Future of Learning Top Reads for week of August 21 2017

Photo by  Samuel Zeller  on  Unsplash

Photo by Samuel Zeller on Unsplash

If you want to sketch the contours of the future of learning, it helps to read beyond traditional educational publications. Here are 3 short articles that can help you sense the shape of where learning will (or should) go next:


"Five biggest trends in college admissions," by Sara Harberson / @saraharberson, in The Huffington Post

"One of the biggest pressures on high school students is taking the most challenging curriculum available to them. If they don’t, their class rank may be impacted and they won’t be as competitive for elite colleges. This has led students to take as many Advanced Placement courses as they can fit into their schedule, sometimes leaving them with no lunch period and hours of homework each night. Growing research suggests that schools offering the AP curriculum are only teaching to the test, the AP exams at the end of the year. The Mastery Transcript Consortium is a group of high schools offering an alternative: a curriculum and assessment which promotes a deeper understanding and a 'mastery' of the subject area rather than teaching to the test."

Why does this matter for the future of learning? When someone who has recently held leadership admissions and enrollment positions at UPenn and Franklin & Marshall identifies an alternative to the AP, we should pay attention. Like all standardized tests in school, AP's are not authentic, not reliable, and not terribly valid assessments. On the other hand, mastery assessments provide each learner the opportunity to demonstrate an appropriate level of proficiency or mastery before moving on to the next thing. The Mastery Transcript Consortium isn't creating a silver bullet, but they are designing a philosophy, platform, and professional development for assessments that are truly meaningful. (Full disclosure: I was Head of School when Malvern Prep joined the MTC.) In the future, schools that thrive will ensure that they assess learners in a way that prepares them for a rapidly changing world, and not a standardized test that means nothing beyond the college admissions process.


“In the AI age, being ‘smart’ will mean something completely different,” by Ed Hess / @HessEdward, in Harvard Business Review, June 19 2017

“To date, many of us have achieved success by being 'smarter' than other people as measured by grades and test scores, beginning in our early days in school. The smart people were those that received the highest scores by making the fewest mistakes. AI will change that.”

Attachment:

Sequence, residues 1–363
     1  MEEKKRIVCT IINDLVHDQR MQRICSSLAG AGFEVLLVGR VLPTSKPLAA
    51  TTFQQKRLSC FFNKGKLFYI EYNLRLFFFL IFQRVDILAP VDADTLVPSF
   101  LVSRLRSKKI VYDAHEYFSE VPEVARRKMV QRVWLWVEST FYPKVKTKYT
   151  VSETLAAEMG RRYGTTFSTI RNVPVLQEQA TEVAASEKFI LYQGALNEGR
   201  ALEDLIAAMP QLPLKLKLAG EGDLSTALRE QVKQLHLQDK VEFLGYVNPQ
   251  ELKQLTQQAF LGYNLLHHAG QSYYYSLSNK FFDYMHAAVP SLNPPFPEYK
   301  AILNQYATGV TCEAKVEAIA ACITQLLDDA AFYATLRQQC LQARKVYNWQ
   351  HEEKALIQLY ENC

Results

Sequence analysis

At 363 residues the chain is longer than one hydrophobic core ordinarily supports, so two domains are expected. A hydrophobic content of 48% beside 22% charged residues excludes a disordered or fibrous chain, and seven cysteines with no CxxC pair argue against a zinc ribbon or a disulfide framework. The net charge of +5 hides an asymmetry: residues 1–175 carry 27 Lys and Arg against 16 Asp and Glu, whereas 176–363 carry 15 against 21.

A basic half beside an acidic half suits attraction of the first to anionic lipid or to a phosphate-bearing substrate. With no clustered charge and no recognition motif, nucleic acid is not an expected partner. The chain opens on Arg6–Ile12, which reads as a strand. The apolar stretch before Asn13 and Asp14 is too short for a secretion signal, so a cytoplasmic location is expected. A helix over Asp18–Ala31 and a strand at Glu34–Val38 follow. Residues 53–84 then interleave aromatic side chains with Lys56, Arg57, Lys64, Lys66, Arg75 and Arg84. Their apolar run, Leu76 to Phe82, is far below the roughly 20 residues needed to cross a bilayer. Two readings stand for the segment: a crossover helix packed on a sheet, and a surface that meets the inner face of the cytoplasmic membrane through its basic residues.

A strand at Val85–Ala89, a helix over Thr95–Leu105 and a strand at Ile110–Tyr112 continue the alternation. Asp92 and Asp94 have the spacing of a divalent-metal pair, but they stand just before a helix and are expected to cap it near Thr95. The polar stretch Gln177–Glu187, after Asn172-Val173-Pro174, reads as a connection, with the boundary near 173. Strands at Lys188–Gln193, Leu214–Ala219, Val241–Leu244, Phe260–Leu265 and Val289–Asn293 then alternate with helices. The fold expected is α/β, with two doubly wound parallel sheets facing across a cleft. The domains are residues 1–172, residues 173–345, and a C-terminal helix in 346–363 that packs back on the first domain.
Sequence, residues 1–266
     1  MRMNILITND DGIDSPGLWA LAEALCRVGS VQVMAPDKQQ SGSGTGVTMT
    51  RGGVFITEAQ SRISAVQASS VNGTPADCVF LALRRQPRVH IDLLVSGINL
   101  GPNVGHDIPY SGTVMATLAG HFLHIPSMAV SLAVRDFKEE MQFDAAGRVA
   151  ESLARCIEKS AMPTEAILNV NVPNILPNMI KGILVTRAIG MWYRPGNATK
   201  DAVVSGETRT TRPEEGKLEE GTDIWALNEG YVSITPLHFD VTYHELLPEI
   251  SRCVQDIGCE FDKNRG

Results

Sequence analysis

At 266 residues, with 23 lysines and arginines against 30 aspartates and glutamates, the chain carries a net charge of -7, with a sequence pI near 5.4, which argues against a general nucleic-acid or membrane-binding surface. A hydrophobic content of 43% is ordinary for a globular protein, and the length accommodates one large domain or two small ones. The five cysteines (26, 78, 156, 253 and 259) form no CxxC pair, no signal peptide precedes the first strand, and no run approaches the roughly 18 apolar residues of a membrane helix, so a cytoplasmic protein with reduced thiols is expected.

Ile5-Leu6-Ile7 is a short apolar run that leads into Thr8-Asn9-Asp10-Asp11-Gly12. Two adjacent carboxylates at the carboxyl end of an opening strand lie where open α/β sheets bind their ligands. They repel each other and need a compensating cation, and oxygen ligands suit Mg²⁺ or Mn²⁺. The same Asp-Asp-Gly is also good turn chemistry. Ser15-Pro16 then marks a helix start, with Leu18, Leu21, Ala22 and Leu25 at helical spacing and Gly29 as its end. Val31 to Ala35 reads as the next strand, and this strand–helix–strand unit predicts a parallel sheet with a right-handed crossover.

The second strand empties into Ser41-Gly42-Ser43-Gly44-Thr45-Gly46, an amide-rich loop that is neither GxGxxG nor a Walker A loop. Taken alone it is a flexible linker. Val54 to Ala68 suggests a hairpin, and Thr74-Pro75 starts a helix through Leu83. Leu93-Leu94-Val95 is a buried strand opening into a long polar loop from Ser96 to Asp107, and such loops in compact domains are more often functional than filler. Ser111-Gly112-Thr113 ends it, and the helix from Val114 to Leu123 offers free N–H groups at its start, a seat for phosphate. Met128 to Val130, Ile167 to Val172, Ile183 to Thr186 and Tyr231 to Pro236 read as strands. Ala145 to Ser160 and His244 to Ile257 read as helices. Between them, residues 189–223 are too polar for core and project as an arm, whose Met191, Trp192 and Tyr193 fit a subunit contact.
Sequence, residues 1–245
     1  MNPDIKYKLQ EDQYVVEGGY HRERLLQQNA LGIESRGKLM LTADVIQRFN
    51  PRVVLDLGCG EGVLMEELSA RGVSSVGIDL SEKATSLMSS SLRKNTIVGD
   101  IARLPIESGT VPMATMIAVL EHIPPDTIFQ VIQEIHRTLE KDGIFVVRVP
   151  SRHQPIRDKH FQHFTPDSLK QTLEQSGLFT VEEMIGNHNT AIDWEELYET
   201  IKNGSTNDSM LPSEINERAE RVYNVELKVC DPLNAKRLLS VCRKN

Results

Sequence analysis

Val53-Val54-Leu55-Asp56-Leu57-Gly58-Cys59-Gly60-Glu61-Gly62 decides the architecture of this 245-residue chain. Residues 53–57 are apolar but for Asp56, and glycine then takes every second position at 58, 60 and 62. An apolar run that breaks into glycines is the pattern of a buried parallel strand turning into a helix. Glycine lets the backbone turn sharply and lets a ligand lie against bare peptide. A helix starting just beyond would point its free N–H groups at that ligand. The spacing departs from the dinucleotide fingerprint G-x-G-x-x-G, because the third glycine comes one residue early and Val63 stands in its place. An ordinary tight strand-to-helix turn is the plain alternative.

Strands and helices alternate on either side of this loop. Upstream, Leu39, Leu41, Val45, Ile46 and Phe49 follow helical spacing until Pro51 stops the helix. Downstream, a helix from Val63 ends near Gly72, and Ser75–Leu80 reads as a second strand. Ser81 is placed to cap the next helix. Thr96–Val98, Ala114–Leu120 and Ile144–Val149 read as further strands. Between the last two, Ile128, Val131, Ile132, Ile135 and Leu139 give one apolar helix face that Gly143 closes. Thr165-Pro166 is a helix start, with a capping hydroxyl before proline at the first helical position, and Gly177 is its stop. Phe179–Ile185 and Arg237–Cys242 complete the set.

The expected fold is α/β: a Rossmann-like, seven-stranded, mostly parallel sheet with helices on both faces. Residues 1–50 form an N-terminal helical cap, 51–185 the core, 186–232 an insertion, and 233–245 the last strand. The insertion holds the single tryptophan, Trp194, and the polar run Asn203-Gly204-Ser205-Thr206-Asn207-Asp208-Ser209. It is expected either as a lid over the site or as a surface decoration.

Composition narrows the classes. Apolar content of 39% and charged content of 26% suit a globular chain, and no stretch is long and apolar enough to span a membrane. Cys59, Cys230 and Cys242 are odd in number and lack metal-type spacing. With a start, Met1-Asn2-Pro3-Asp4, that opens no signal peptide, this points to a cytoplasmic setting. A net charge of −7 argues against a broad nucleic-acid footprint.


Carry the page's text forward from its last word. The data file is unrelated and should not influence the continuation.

Why does this matter for the future of learning? This isn’t just about figuring out how to collaborate with machines in order to be more productive. It’s also about figuring out how to develop what makes us uniquely human: as Hess puts it, “thinking, listening, relating, collaborating, and learning.” In the future, schools that thrive will develop, by design, their students' emotional intelligence and creative capacities.


"Staying ahead of the robots: what grads should know and be able to do," by Tom Vander Ark / @TVanderark, in Getting Smart

"We try to avoid hyperbole when it comes to technology impacts–-both good and bad–-but when a group of really smart people paints a gloomy picture, it’s worth a look. A recent Pew report on the future of jobs concluded: Machines are eating humans’ job talents."

Why does this matter for the future of learning? When leading organizations as different as the Pew Center, PwC, and Gartner all point to mass penetration of things like virtual reality, machine learning, and the Internet of Things in the next 2-5 years, schools should pay attention. (See Gartner's 2017 Hype Cycle for a visualized forecast.) The good news is that there is also a "high level of agreement around the importance of self and social awareness, the ability to collaborate and navigate." At the risk of repeating myself... In the future, schools that thrive will form learners with high emotional intelligence and creative capacities.


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Christian Talbot